Before Bearskin Meadow Camp, there was Camp Whitaker, Dr. Mary Olney’s first diabetes camp in the Sequoias. Located a few miles away from Bearskin Meadow, Camp Whitaker was located near Grant Grove and Eshom Creek. The early days of Camp Whitaker were, to put it mildly, simplistic. As stated in DYF’s history, Miracle Forest, written by Maria Wolf, “Campers used pit privies, washed dishes by hand, and used Coleman lanterns. Perishable food was kept in burlap coolers, water was heated by large fires, and white gas lamps provided light at night.”
It’s hard to imagine a summer at Camp Whitaker in 1939. But some of us don’t have to imagine. Buel Campbell was diagnosed with type 1 diabetes in 1937 at the age of 6. Just 15 years after the discovery of insulin, relatively little was known at the time about diabetes management. Back then, children with type 1 would spend their summers in hospital wards, isolated from others their age. Fortunately, Buel was among the first to benefit from Dr. Mary Olney’s innovative wilderness camp vision.
A handful of diabetes camps opened across the country in the 1930’s, but they were little more than medical clinics in the woods. Doc’s version of camp was the first of its kind, implementing daily activities, rigorous exercise, and traditional camping practices. When Camp Whitaker opened in in 1939, Buel was among the first in attendance.
Now, at the age of 88, Buel looks back fondly on his time spent among the Sequoias. “I went every year! I maybe missed a summer here or there for whatever reason, but I attended until I went to college,” shared Buel. “I remember it all! I remember hiking, going on trips to Moro Rock, learning to keep my sugars low, all that stuff. I remember camp during WWII.”
From 1939 to 1950, Buel spent his summers with Doc and the campers at Camp Whitaker. When he was old enough, he became a counselor and started taking on more responsibilities. “One of the jobs I had at camp when I was a teenager was going to Visalia and picking up supplies in my pick-up truck. They used to pay a guy to do it, but Doc asked if it would work to use my truck, so it became my job. I’d get bread, meat, milk, eggs, stuff like that. I’d go to Baxter to get the mayo. One time I had to go into Fresno where the train depot was. Whoever was supposed to pick up the campers from the train didn’t do it, so I loaded over half a dozen kids in the back of my pickup and drove them up to camp. Doc wasn’t too happy about it, but it got the job done!”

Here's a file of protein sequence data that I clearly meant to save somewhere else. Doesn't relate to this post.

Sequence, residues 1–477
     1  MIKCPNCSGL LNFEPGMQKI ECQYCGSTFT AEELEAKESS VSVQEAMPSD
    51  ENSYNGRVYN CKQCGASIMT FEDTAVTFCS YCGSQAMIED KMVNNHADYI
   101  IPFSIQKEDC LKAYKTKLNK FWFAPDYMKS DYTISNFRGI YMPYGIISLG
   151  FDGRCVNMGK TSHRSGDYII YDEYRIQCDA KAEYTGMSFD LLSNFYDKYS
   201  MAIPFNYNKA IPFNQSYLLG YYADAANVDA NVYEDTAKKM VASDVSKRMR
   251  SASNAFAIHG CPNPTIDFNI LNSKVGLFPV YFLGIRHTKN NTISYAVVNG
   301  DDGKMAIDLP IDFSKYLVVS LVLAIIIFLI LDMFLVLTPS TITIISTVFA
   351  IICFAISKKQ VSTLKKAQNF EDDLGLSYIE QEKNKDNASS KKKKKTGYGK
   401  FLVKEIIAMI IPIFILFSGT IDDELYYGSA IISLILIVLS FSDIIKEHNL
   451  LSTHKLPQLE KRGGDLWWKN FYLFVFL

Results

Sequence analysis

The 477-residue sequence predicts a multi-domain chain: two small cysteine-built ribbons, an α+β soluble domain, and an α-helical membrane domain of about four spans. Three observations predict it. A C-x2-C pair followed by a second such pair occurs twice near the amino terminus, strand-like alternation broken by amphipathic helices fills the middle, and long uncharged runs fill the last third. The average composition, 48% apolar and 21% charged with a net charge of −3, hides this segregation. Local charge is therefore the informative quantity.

His whole life, Buel has carried with him the mentality of camp and never let diabetes dictate how he lived. In 1950, Buel attended college in Davis to study animal husbandry so he could tend to his family’s sheep ranch. “After college, in my 20’s, I got into racing motorcycles. Me and my brother started herding sheep on motorcycles! I started racing more professionally, but I couldn’t too much because of the ranch.” They had 3,000 acres for which he was responsible. “It was hard work, a lot of physical labor. I’d just always carry sugar with me. You didn’t want to drop when working with animals!”
Today’s camps offered by DYF have evolved quite a bit from the camp Buel attended in 1939, but at their core they remain the same. We strive, everyday, to embody the values that Doc instilled years ago, teaching campers cutting edge diabetes management techniques, encouraging them to connect with nature and physically challenge themselves, and inspiring them to live their fullest lives with type 1 diabetes. It is our hope that our campers will keep the lessons they learned in mind and their camp memories in their hearts like Buel. “Doc really helped me a lot. Because of what I learned, diabetes was never too hard to handle.”
Do you want to gift a lifetime of lessons and memories like Buel’s? Send a Kid to Camp and empower a child to live a happy, healthy life with type 1 diabetes.